1. Nf3d52. d4Nf63. Bf4Bf54. e3e65. c4Bxb16. Qxb1Bb4+7. Kd1Bd68. Bg5h69. Bxf6Qxf610. c5Bf811. Qc2c612. b4a613. Bd3Nd714. Ke2g515. h3Bg716. a4Qe717. Rad1O-O18. g4e519. Bh7+Kh820. Bf5exd421. h4!?White does not bother taking back on d4 and allows his center to fall apart; his kingside play will be faster. 21... Ne5
( 21... dxe3This was possible, and would have been my choice. After 22. hxg5Ne5!23. gxh6Bf6Black should not be worse in this messy position )
22. Nxd4gxh4!This is Black's best attempt to keep the h-file closed. 23. Bd3!The threat is Nf5. 23... Qg524. Rdg1Nxd325. Qxd3Bxd4!This was not the only move, but it's definitely the safest. A White knight arriving on f5 could be very dangerous for Black.
( 25... a526. f4Qg627. Nf5axb428. Rxh4This position looks very dangerous for Black. )
26. Qxd4+Qg7White has a nominal advantage with his better pawn structure but it should not be enough to win. 27. Qd2Keeping queens on the board is the more ambitious way to play, but White is definitely not better.
( 27. Rxh4Qxd428. exd4Rae8+29. Kd3Kg7I have a hard time seeing a player as strong as Wojtaszek losing in this position. )
27... Qf628. g5!?More fuel on the fire! 28... hxg529. f4Rg8!The only move to hold everything together, but not a hard one to find. There was no other way to prevent Rxg5. 30. fxg5Qe5!A very tough move and Wojtaszek deserves full credit for finding it.
( 30... Rxg5!31. Rxh4+Kg832. Rxg5+Qxg533. Qd4And Black would be mated. 33... Qg2+34. Ke1Qg3+35. Kd2Qf2+36. Kc1Qe1+37. Kb2Qe2+38. Ka3 )
31. Rxh4+Kg732. g6Rh833. gxf7+Kxf7Black's king is surprisingly safe. Indeed, White is the one who should be worried about his king safety. So made the mature decision to exchange the queens and force a draw. 34. Qd4Qxd435. Rxd4Rag836. Rf1+Ke737. Rdf4Rf838. Rxf8Rxf839. Rxf8Kxf840. e4dxe4
Since their bitter 2006 World Championship, games between Veselin Topalov, left, and Vladimir Kramnik are always tense.
In Round 4, Mamedyarov will face Teimour Radjabov, his compatriot. Usually these two draw their games, but with Mamedyarov leading, I have a feeling we might see them fight this time.
Samuel Shankland is a United States grandmaster ranked No. 4 in the country. He is a professional player and recipient of the Samford Fellowship in 2013, the most prestigious award in the United States for young chess players. He was also a member of the team that won the gold medal at the 2016 Chess Olympiad. He is at @GMShanky on Twitter, has his own site, and is also on Facebook.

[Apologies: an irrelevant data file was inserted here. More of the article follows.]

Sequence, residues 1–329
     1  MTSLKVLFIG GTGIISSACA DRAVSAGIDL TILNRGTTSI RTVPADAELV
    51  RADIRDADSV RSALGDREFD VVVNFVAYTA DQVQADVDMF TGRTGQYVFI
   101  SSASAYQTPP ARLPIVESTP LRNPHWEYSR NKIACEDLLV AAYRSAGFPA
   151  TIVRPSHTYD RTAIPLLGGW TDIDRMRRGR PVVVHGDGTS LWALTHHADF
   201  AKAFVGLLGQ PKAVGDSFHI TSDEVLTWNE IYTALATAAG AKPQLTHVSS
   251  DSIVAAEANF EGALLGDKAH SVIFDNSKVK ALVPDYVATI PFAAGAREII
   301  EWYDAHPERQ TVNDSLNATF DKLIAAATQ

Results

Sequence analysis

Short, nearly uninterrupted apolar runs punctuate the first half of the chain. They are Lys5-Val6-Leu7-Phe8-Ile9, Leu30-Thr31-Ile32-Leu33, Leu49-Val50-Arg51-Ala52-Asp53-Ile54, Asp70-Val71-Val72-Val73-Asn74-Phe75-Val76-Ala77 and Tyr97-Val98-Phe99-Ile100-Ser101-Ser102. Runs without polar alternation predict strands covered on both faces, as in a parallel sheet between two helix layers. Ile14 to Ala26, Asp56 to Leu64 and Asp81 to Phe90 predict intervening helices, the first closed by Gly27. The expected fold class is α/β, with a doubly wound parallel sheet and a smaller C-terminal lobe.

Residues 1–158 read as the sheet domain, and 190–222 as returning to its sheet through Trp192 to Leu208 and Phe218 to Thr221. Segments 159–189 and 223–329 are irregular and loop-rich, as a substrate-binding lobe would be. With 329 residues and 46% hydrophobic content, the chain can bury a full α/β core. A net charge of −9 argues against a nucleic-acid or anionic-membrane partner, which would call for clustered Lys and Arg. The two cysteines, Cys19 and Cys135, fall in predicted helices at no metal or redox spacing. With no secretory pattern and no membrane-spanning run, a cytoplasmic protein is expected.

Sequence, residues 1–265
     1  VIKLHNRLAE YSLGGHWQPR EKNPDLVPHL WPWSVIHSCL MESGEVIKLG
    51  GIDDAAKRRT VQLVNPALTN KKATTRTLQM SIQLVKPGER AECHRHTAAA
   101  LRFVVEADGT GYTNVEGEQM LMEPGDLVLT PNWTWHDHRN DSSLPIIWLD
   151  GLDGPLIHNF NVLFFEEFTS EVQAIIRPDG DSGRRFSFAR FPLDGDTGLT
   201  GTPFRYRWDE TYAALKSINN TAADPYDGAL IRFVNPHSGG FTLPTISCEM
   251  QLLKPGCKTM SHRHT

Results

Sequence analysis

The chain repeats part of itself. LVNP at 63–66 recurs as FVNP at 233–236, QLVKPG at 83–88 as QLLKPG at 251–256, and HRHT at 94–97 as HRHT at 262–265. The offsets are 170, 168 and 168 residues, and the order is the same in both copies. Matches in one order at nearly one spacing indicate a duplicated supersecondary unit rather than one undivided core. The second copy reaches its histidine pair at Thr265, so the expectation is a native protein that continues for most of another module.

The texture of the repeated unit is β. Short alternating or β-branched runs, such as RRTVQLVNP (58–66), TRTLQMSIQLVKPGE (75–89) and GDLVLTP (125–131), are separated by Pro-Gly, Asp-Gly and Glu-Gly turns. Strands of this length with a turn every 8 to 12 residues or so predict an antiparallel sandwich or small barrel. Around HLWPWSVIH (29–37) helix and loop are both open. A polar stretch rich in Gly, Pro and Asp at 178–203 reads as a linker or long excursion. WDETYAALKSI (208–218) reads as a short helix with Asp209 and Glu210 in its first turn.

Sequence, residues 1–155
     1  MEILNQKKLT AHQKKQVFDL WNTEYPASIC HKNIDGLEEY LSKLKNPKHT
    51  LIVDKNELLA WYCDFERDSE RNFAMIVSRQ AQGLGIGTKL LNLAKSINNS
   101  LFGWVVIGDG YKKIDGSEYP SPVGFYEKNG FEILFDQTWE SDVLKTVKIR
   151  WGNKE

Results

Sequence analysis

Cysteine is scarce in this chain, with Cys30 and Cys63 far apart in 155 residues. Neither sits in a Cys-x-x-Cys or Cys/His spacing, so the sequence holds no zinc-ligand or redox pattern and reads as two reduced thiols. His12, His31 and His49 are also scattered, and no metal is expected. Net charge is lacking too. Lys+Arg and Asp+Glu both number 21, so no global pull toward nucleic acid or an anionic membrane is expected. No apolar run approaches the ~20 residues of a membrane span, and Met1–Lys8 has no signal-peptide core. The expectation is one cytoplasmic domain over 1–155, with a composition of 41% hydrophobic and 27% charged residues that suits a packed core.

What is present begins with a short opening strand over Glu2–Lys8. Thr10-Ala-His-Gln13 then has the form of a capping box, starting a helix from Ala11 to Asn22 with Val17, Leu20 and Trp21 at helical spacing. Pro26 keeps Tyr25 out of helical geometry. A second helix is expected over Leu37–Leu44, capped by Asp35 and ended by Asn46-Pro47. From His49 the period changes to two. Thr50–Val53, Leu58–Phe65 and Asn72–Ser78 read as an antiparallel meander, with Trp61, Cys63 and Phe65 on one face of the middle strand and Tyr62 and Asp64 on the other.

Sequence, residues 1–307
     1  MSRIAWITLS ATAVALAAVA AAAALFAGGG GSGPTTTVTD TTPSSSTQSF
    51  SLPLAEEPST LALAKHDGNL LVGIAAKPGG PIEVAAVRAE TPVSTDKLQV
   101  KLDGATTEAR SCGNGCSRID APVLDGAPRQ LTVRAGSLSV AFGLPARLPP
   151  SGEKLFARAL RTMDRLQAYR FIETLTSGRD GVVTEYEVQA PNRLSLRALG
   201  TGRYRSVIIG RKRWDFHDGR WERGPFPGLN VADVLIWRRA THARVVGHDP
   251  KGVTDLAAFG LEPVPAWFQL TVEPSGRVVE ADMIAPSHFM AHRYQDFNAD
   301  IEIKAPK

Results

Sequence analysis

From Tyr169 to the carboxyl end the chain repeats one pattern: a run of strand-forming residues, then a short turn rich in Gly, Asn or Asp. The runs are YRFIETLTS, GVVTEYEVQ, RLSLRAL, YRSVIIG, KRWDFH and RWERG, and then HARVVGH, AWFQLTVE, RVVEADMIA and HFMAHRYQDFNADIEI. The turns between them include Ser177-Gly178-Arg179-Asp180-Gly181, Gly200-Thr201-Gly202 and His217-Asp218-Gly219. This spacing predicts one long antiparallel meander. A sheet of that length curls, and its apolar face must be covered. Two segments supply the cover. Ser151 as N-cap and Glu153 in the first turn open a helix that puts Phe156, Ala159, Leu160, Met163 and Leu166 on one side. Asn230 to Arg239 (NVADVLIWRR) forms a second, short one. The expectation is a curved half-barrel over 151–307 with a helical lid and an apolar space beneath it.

FIDE and World Chess announces today that the 2018 World Chess Championship Match will take place in London in November 2018. The world’s most prestigious chess tournament is to be the climax of a season of high-profile activity to extend the sport’s appeal among global audiences – and make 2018 the Year of Chess in the UK.
After 9 days of intense chess battles at the last leg of the World Chess Grand Prix series 2017 in Palma de Mallorca, the two winners of the series were finally determined: Shakhriyar Mamedyarov (Azerbaijan, overall 340 points in the series) and Alexander Grischuk (Russia, 336,4 points). They qualified for the Candidates Tournament – the next part of the World Chess Championship cycle, which leads up to the Championship match.
The sole leader of the Palma de Mallorca Grand Prix Levon Aronian made a quick draw with Evgeny Tomashevsky today, inviting the group of rivals to join him at the top. But same as in the previous rounds all games on the top boards finished peacefully and not a single player came close to catching up with him.
After seven rounds Aronian is in the lead with 4,5 points. A group of 8 players is half a point behind, including Vachier-Lagrave. In order to qualify for the Candidates, the Frenchman needs to win at least one more game. Boris Gelfand defeated Alexander Riazantsev, Pavel Eljanov won against Jon Ludvig Hammer, while Teimour Rajabov outplayed Li Chao. After the victory the Azerbaijani Grandmaster still hopes to qualify, but in that case has to win both games.
Javier Ochoa, Honorary FIDE Vice President and President of the Spanish Chess Federation, made the first symbolic move to start the fourth round, which turned out to be the most exciting round of the tournament so far, with six decisive games out of nine.
In the Third Round of the FIDE Grand Prix in Palma de Mallorca games between the four leaders, Vachier-Lagrave-Aronian and Rajabov-Giri, finished in a draw. Peter Svidler joined the group of leaders by beating Jon-Ludvig Hammer in the third round.
The world’s best chess players and chess establishment came together in Bellver Castle to celebrate the opening of the final leg of the FIDE 2017 World Chess Grand Prix Palma de Mallorca – a prestigious qualifier for the World Chess Candidates Tournament.
Katerina Lagno, one of the strongest Russian women-grandmasters won the historic Moscow Blitz Tournament, beating her fellow Russian Olympic team members Alexandra Kosteniuk, Valentina Gunina and Olga Girya.
After a draw against Ian Nepomniachtchi, Teimur Rajabov won the tournament. One of the strongest players, Rajabov had not won a major tournament lately, but has shown phenomenal form in Geneva and managed to overpower some of top world’s players